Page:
Perceiving the Value of Business Planning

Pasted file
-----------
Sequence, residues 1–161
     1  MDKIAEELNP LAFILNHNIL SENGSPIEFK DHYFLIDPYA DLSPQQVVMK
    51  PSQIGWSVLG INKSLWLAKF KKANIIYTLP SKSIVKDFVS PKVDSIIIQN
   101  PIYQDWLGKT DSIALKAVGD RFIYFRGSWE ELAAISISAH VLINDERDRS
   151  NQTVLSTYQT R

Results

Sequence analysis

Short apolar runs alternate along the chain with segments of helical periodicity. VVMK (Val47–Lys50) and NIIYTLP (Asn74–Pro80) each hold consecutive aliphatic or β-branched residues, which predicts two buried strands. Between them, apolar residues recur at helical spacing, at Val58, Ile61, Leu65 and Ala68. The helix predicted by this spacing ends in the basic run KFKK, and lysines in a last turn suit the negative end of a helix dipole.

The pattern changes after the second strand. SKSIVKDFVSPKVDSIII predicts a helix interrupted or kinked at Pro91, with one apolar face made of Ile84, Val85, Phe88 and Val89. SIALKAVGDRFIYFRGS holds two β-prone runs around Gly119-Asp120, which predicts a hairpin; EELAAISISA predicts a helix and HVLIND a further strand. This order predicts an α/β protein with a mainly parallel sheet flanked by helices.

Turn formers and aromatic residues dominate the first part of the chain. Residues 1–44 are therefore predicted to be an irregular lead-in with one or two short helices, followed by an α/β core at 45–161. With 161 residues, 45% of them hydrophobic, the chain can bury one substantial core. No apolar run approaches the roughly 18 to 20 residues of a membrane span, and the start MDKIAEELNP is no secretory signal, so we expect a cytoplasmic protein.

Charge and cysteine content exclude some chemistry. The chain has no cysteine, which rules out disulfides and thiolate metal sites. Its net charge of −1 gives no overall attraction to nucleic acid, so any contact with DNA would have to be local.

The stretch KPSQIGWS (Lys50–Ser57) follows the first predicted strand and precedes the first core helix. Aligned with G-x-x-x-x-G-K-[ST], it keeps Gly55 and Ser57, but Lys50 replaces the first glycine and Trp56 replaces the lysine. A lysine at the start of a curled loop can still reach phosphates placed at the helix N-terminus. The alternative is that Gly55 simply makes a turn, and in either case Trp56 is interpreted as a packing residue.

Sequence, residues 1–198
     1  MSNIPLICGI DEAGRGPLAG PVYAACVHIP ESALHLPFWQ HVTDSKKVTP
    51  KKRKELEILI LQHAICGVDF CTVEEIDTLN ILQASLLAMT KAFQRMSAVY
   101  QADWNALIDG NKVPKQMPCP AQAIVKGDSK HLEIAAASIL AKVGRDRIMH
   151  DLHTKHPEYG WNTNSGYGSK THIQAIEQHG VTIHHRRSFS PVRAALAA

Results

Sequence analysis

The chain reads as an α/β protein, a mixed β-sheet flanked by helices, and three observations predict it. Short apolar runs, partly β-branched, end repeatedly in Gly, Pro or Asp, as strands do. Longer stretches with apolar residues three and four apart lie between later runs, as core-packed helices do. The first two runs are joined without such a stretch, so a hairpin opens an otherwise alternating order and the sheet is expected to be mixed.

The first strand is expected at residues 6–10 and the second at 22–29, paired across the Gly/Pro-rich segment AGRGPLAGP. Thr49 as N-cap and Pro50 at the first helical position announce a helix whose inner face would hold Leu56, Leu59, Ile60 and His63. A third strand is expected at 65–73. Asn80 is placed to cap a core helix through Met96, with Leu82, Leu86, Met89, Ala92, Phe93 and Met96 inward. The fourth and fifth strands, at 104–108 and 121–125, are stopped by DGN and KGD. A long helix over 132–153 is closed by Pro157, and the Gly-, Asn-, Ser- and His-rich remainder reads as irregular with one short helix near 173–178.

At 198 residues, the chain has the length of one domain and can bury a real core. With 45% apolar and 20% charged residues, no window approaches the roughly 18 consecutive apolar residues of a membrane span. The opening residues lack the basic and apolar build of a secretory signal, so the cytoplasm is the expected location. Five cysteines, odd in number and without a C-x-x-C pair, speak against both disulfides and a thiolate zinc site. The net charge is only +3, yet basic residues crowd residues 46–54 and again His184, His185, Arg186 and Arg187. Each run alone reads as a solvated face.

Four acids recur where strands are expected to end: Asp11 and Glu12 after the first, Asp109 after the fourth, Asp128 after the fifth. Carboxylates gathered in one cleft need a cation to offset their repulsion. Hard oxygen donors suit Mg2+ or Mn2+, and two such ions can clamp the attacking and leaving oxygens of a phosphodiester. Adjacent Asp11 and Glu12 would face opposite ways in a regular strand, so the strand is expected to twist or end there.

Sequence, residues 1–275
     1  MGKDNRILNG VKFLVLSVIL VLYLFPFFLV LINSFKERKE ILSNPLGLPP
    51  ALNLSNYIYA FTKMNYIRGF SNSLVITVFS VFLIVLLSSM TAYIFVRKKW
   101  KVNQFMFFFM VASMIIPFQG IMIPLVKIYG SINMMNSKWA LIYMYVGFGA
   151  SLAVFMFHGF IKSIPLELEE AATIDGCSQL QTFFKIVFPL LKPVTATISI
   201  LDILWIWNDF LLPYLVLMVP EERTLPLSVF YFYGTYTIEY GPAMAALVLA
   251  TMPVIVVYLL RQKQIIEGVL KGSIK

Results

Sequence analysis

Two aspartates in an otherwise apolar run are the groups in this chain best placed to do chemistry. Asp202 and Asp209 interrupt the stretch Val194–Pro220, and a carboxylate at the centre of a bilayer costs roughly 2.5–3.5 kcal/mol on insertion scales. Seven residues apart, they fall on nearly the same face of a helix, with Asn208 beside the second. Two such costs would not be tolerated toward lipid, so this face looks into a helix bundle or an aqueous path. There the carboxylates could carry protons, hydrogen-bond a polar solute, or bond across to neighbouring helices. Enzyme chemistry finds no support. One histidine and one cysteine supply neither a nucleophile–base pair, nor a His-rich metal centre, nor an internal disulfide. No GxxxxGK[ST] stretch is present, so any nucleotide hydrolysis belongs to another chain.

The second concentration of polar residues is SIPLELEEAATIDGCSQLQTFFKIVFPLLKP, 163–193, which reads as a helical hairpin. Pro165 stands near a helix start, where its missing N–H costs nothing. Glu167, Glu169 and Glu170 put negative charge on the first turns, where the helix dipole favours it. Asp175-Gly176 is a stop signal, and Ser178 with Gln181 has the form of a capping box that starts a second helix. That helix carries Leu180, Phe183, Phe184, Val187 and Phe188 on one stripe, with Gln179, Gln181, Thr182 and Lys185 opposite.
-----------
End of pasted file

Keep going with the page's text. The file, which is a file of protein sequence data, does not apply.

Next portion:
The value of business planning has been subject to much controversy over the past years. In-deed, there appears to be an escalation in empirical research, with opposing implications and diverging approaches to teaching entrepreneurship. Most empirical studies have taken an ex-post, comparative view of the relationship between planning and performance. In this paper, we introduce an ex-ante perspective by formally characterizing the decision of the nascent entrepreneur whether or not to start a business and whether or not to plan beforehand. We focus on the evaluative function of business planning, define the information value of busi-ness planning, identify its influencing factors, and show how costs of business planning de-termine the quality of planning. We find as the crucial aspect of good evaluative business planning that it helps to identify and to sort out poor business ideas before they reach the mar-ket. We contrast our results with conclusions drawn from empirical studies that have been critical of planning. In a setting in which, by construction, planning has a positive value, we question several popular negative implications by showing how they result from an incom-plete sample of entrepreneurs.
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